April 21, 2019
The Point Latest News | Kenduskeag Race | Bangor Metro | Bangor Homelessness | Today's Paper

Why Maine could go 12 months without a permanent education commissioner

Christopher Cousins | BDN
Christopher Cousins | BDN
Maine Education Commissioner Stephen Bowen and Gov. Paul LePage in 2012.

AUGUSTA, Maine — The Department of Education, one of state government’s two largest departments in terms of consumption of taxpayer dollars, has been without a permanent commissioner for six months, raising the question of how long it will be before that slot is filled.

Gov. Paul LePage appointed Tom Desjardin as acting commissioner in December but so far has not nominated Desjardin or anyone else to lead the department on a permanent basis. Jim Rier, who was commissioner until he went on medical leave last year, retired officially on April 17, starting a six-month clock for LePage to choose a permanent replacement.

Desjardin served as an adviser to LePage before taking the Department of Education helm.

So what led to this situation?

January 2011: LePage took office.

February 2011: LePage nominated Stephen Bowen, formerly a policy analyst for the Maine Heritage Policy Center, to be the department’s commissioner and take the place of Angela Faherty, the last education commissioner appointed by Democratic Gov. John Baldacci.

Bowen’s nomination was later confirmed by the Senate and he became the public face for some of LePage’s most controversial education reforms, including the passage of a law that allows charter schools in Maine and a divisive A-through-F public school grading system.

August 2013: Bowen resigns from the position to take a job with the national Council of Chief State School Officers.

October 2013: LePage picks Department of Education finance veteran Rier to be the department’s acting commissioner. Rier proved to be a more behind-the-scenes commissioner than Bowen but was widely recognized as the state’s foremost expert on school finance. He was a regular at legislative committee hearings.

January 2014: LePage nominates Rier to become permanent education commissioner. Rier is later confirmed by the Senate without opposition.

November 2014: Rier goes on medical leave.

December 2014: LePage announces that Rier will not return and nominates Desjardin as acting commissioner. The next step for LePage would be to appoint a permanent commissioner, who would be interviewed by the State Board of Education and the Legislature’s Education Committee before a confirmation vote by the Senate.

LePage has taken his time on appointments before

LePage tapped former lawmaker Richard Rosen of Bucksport to be acting finance commissioner in May 2014 following the resignation of Sawin Millett. It was nearly seven months before LePage tapped Rosen to be the permanent commissioner in January 2015.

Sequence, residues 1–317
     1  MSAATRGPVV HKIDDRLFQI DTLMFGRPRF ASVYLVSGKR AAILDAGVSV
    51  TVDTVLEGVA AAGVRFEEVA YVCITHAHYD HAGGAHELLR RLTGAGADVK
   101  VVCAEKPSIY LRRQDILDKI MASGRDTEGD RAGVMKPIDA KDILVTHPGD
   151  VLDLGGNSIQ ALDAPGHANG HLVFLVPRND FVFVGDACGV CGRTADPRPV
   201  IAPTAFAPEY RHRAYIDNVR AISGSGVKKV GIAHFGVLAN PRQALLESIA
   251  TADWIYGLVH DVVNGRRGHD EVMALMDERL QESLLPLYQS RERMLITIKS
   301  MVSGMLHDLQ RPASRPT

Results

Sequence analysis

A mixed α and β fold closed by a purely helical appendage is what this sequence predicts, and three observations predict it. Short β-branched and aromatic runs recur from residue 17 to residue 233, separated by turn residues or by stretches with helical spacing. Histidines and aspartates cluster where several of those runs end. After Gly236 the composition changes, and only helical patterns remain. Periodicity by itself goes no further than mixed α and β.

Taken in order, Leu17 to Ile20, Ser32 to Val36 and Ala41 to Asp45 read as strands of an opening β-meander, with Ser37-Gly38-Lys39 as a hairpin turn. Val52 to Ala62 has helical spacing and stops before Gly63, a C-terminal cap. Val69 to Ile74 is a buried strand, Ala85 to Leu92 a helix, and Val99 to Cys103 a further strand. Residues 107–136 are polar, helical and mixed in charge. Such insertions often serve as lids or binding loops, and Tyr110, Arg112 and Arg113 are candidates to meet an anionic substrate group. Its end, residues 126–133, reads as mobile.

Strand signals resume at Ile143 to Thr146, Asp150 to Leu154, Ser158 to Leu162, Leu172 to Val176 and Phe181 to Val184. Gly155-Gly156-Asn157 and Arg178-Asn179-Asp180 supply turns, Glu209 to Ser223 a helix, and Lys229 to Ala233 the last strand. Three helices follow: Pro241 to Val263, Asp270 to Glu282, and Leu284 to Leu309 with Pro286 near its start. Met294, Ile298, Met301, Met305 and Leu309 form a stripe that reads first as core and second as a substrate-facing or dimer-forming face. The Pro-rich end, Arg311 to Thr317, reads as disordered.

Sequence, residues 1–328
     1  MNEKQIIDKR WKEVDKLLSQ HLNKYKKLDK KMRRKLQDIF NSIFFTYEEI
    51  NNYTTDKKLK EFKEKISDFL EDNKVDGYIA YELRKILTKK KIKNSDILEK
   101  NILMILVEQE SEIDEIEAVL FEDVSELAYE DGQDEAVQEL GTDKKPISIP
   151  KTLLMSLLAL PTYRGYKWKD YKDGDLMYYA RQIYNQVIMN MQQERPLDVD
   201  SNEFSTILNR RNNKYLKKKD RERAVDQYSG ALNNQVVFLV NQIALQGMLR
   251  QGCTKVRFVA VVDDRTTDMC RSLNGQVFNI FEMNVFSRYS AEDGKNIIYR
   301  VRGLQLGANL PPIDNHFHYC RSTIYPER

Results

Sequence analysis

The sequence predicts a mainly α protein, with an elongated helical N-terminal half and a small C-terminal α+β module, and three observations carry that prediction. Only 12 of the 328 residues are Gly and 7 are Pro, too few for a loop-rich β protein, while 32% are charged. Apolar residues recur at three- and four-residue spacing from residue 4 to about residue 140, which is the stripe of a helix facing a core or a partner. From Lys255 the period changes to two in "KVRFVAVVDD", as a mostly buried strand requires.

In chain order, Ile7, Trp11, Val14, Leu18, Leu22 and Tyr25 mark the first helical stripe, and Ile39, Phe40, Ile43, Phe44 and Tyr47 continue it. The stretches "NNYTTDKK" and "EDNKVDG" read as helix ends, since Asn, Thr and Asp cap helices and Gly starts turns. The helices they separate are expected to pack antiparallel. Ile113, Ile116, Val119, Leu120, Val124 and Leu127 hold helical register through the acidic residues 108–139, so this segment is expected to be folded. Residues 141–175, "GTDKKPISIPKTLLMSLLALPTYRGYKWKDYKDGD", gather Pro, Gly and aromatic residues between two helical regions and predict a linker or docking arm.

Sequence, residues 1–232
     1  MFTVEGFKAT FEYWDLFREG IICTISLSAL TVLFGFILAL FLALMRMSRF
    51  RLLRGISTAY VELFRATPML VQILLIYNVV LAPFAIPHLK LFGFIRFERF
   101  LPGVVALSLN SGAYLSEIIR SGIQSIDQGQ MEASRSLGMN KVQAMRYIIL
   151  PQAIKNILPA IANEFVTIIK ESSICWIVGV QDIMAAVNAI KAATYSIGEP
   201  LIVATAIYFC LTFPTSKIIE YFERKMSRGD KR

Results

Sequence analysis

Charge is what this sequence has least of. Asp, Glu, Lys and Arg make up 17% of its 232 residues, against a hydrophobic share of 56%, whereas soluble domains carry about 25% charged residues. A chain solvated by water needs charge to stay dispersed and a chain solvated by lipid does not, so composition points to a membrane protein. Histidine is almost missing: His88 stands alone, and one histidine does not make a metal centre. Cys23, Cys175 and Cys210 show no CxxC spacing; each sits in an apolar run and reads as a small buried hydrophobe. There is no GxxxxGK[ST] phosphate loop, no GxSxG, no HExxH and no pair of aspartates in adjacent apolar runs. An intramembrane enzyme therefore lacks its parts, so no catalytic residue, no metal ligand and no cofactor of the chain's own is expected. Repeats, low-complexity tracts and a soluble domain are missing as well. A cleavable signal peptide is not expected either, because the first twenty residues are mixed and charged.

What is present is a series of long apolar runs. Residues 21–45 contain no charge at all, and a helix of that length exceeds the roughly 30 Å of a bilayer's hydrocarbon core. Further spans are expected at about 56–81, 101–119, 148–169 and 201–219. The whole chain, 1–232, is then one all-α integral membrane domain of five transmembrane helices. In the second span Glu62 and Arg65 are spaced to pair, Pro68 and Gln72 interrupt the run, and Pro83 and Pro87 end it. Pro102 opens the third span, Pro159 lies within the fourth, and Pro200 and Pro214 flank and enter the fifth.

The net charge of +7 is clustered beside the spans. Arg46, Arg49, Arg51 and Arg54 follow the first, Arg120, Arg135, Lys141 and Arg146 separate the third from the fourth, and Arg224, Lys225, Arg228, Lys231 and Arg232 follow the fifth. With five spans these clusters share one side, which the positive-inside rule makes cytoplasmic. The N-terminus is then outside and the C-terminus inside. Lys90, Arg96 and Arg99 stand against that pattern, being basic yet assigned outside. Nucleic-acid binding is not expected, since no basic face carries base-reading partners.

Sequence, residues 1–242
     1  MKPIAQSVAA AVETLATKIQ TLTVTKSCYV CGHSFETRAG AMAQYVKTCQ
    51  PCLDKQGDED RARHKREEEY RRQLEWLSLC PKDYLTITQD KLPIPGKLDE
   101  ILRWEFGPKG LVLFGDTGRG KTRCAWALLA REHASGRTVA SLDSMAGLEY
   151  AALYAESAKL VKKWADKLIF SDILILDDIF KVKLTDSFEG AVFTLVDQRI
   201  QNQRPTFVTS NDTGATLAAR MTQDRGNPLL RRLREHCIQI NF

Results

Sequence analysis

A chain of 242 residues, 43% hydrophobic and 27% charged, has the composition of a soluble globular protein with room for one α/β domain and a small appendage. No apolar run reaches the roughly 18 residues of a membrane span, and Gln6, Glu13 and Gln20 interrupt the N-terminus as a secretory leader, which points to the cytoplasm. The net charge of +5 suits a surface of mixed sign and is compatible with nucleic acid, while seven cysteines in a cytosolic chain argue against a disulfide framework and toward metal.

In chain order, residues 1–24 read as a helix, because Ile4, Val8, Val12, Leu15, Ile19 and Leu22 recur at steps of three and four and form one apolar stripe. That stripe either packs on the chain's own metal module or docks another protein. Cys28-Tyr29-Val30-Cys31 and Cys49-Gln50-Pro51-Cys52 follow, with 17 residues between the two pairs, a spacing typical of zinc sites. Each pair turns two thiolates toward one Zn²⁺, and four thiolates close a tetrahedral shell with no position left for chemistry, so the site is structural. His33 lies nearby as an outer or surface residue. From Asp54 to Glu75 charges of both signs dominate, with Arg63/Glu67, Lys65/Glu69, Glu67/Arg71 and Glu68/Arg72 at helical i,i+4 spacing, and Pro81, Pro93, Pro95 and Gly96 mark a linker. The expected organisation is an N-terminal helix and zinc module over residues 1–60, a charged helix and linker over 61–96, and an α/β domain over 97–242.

— On at least one occasion, LePage defied what the law says about appointments. For nearly a year, he refused to make appointments to the Board of Corrections, despite a county jail fix law enacted in 2014 that gave LePage the authority to appoint a majority of the board members. But LePage made no appointments, which caused the Board of Corrections to be unable to form a quorum and take any legally binding votes. The board and its employees disbanded earlier this year, leaving the Legislature to come up with another solution.

How long does LePage have to appoint a commissioner?

According to Alex Willette, spokesman for the Department of Administrative Financial Services, Rier retired officially on April 17. LePage has six months from that date to appoint a permanent replacement, according to Willette.

“We don’t see this as a big issue,” Adrienne Bennett, LePage’s spokeswoman said. “It’s pretty typical for an acting commissioner to stay in office for an extended period of time. We’re in the middle of a legislative session and we have 20 governors’ bills out right now. It’s a busy time.”

Through his spokesperson, Desjardin declined a request for an interview with the BDN. He has said in public more than once that his priority as acting commissioner is to usher new initiatives hatched under Rier and Bowen, such as a proficiency based diploma for Maine students and a teacher evaluation law, to fruition.

What’s this mean for education in Maine?

Maine School Management Association Executive Director Connie Brown said that Desjardin has been responsive and effective since taking over for Rier. He has attended numerous MSMA meetings and functions and communicates with the organization regularly.

“We don’t always agree with his positions, but that was true of Commissioner Bowen and periodically of Commissioner [Susan] Gendron before him,” Brown said.

Lois Kilby-Chesley, president of the Maine Education Association, said she isn’t worried about the situation.

“MEA isn’t concerned by the timing of finding a permanent commissioner before June, because regardless of who is in the commissioner’s office for this six-month interim period, the work of public school educators goes on every day, and that work is providing learning opportunities for Maine’s students,” she said in a written statement for the BDN.


Have feedback? Want to know more? Send us ideas for follow-up stories.

You may also like